Good News: Ubuntu Now Ships With unattended-upgrades On By Default!

Last week, we got a strange support request. One of our users had received the following notification:

Hey! Good job.

We’ve detected that you patched some vulnerabilities.

Here’s what changed:

CVE-2016-8704

is no longer present in:

[name of server redacted]

This came as a surprise, since they knew for a fact that no one had touched the package in question, and they were certain they had not enabled unattended upgrades.

Somehow, the vulnerability magically got patched and they wanted to know: what’s going on?

The vuln is a pretty serious remote code execution vulnerability in memcached, and as far as we could tell our user was indeed using the most recent version available for their distribution — 1.4.25-2ubuntu2.1. This version was released on November 3rd, and we could see from our logs that memcached got upgraded that same day.

How did it happen without them knowing about it? The only thing unique about their configuration was that they’re running the recently released Ubuntu 16.10 (Yakkety Yak)1.

We dug around, and set up some test Yakkety boxes, and lo and behold: unattended upgrades is automatically enabled by default!

For those of you who are unaware, unattended-upgrades is a debian/ubuntu package that, well, does what it says on the tin: it automatically upgrades your packages. The most common configuration, and the one enabled in 16.10, is to upgrade any packages that have a published security patch. Unattended upgrades does this by checking and installing any updates from the ${distro_codename}-security repository.

Ubuntu/debian has had this for years, but it simply was never turned on by default. After a year of many security fails, this news warmed the cockles of my heart and gave me hope for our future! And what’s even amazing is that they turned it on without any fanfare.

It’s the quiet, simple changes that provide the biggest wins.

Of course, there are reasons why administrators don’t always want software to be upgraded without their input. And if it does get updated, there are good reasons for knowing exactly what vulnerabilities are being patched when. Appcanary exists in order to allow you to be notified about security updates without automatically installing them, and to have insight into what’s going being installed if you are patching automatically.

But if you don’t have the capacity to actively manage the packages on your linux systems (and even if you do!), we implore you: set up unattended-upgrades!

Ubuntu enabling this by default is a great sign for the future.

Not running Ubuntu 16.10?

Here’s how to turn on unattended upgrades

  • Ansible: jnv.unattended-upgrades
  • Puppet: puppet/unattended_upgrades
  • Chef: apt
  • If you’re using the server interactively:

    sudo apt-get install unattended-upgrades && sudo dpkg-reconfigure unattended-upgrades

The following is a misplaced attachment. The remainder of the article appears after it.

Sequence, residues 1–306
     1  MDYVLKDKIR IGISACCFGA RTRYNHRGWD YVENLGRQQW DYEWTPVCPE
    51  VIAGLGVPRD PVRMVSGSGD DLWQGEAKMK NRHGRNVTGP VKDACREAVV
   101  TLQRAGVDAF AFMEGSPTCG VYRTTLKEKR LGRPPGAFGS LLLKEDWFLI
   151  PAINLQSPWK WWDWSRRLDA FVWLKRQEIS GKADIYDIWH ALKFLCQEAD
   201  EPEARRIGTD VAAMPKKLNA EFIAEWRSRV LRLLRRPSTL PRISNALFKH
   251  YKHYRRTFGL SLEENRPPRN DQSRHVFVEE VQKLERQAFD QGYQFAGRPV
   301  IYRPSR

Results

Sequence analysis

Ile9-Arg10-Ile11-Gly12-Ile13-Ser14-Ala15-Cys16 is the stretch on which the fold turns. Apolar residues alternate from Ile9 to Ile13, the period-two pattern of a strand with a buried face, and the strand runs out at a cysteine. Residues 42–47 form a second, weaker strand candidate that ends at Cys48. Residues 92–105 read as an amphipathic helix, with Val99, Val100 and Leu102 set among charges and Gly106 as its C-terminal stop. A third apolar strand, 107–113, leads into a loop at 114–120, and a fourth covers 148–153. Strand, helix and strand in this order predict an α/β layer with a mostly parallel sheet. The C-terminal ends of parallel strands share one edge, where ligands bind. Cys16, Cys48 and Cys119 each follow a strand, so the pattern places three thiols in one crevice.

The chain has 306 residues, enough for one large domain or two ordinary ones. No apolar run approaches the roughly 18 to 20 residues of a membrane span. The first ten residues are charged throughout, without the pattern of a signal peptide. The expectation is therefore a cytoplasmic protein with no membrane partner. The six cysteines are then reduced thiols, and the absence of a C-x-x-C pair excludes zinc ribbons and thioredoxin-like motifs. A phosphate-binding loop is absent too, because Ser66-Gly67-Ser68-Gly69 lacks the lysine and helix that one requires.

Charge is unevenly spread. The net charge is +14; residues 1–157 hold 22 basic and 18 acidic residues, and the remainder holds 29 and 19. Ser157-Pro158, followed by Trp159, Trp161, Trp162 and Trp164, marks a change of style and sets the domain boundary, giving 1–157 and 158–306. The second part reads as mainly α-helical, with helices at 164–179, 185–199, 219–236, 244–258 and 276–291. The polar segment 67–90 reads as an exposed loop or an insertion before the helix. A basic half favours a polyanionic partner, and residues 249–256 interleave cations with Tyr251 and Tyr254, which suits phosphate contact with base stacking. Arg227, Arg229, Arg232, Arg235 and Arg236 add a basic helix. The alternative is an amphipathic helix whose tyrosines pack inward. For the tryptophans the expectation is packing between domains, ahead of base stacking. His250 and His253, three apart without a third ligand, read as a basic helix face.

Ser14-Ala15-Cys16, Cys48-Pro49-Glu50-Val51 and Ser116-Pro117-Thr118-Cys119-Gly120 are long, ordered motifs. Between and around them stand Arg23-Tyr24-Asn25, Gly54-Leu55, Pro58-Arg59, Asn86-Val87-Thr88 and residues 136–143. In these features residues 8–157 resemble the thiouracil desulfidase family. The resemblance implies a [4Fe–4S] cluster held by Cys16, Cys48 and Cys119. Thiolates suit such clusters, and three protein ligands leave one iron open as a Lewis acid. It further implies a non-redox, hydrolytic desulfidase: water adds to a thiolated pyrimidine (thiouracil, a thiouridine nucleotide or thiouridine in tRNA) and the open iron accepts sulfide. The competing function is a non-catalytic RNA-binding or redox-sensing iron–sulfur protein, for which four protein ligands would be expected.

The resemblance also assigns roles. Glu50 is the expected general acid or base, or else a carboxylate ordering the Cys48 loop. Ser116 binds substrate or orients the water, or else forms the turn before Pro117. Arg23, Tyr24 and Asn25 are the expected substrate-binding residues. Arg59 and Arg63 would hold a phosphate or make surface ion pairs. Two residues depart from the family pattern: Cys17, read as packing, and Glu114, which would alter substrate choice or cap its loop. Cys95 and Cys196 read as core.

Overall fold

• Set up manually: sudo apt-get install unattended-upgrades and

    • In /etc/apt/apt.conf.d/20auto-upgrades:

      APT::Periodic::Update-Package-Lists "1";
      APT::Periodic::Unattended-Upgrade "1";
      
    • In /etc/apt/apt.conf.d/50unattended-upgrades

      // Automatically upgrade packages from these (origin, archive) pairs
      Unattended-Upgrade::Allowed-Origins {    
      // ${distro_id} and ${distro_codename} will be automatically expanded
          "${distro_id} ${distro_codename}-security";
      };
      
      // Send email to this address for problems or packages upgrades
      // If empty or unset then no email is sent, make sure that you 
      // have a working mail setup on your system. The package 'mailx'
      // must be installed or anything that provides /usr/bin/mail.
      //Unattended-Upgrade::Mail "[email protected]";
      
      // Do automatic removal of new unused dependencies after the upgrade
      // (equivalent to apt-get autoremove)
      //Unattended-Upgrade::Remove-Unused-Dependencies "false";
      
      // Automatically reboot *WITHOUT CONFIRMATION* if a 
      // the file /var/run/reboot-required is found after the upgrade 
      //Unattended-Upgrade::Automatic-Reboot "false";
      

  1. 16.10 is not a Long Term Support release. Regular Ubuntu releases are supported for 9 months, while April releases on even years (i.e. 14.04, 16.04, etc…) are designated LTS, and are supported for 5 years. It’s thus more common to see 12.04, 14.04, and 16.04 in use on servers over other Ubuntu releases. This particular user has a good reason for running 16.10. 

We Left Clojure. Here's 5 Things I'll Miss.

On October 11th, Appcanary relied on about 8,500 lines of clojure code. On the 12th we were down to zero. We replaced it by adding another 5,700 lines of Ruby to our codebase. Phill will be discussing why we left, and what we learned both here and at this year’s RubyConf. For now, I want to talk about what I’ll miss.